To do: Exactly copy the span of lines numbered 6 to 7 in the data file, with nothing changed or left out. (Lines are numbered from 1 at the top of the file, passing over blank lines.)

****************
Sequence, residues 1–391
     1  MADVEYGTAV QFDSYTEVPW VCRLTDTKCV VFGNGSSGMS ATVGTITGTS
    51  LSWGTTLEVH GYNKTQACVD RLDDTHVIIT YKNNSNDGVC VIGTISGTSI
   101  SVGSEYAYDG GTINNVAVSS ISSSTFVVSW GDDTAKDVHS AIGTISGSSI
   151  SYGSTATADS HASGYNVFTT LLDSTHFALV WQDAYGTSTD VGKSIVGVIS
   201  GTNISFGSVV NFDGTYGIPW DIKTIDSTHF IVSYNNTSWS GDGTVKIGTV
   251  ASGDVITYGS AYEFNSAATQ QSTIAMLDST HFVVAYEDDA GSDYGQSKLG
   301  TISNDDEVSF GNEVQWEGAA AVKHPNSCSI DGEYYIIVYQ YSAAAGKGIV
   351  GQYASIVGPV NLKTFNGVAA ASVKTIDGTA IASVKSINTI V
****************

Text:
   201  GTNISFGSVV NFDGTYGIPW DIKTIDSTHF IVSYNNTSWS GDGTVKIGTV
   251  ASGDVITYGS AYEFNSAATQ QSTIAMLDST HFVVAYEDDA GSDYGQSKLG